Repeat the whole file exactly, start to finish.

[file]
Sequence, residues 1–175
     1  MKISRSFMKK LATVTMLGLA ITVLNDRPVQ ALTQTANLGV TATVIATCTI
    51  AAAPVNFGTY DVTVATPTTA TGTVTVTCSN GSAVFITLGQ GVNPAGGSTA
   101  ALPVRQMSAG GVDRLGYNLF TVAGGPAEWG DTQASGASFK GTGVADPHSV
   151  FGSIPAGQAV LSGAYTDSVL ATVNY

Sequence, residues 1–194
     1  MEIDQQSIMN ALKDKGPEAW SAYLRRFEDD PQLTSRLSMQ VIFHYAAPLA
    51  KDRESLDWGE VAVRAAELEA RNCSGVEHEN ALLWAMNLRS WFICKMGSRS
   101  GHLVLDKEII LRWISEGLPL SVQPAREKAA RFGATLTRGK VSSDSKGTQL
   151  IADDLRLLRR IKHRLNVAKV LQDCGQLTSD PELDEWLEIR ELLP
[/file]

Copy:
Sequence, residues 1–175
     1  MKISRSFMKK LATVTMLGLA ITVLNDRPVQ ALTQTANLGV TATVIATCTI
    51  AAAPVNFGTY DVTVATPTTA TGTVTVTCSN GSAVFITLGQ GVNPAGGSTA
   101  ALPVRQMSAG GVDRLGYNLF TVAGGPAEWG DTQASGASFK GTGVADPHSV
   151  FGSIPAGQAV LSGAYTDSVL ATVNY

Sequence, residues 1–194
     1  MEIDQQSIMN ALKDKGPEAW SAYLRRFEDD PQLTSRLSMQ VIFHYAAPLA
    51  KDRESLDWGE VAVRAAELEA RNCSGVEHEN ALLWAMNLRS WFICKMGSRS
   101  GHLVLDKEII LRWISEGLPL SVQPAREKAA RFGATLTRGK VSSDSKGTQL
   151  IADDLRLLRR IKHRLNVAKV LQDCGQLTSD PELDEWLEIR ELLP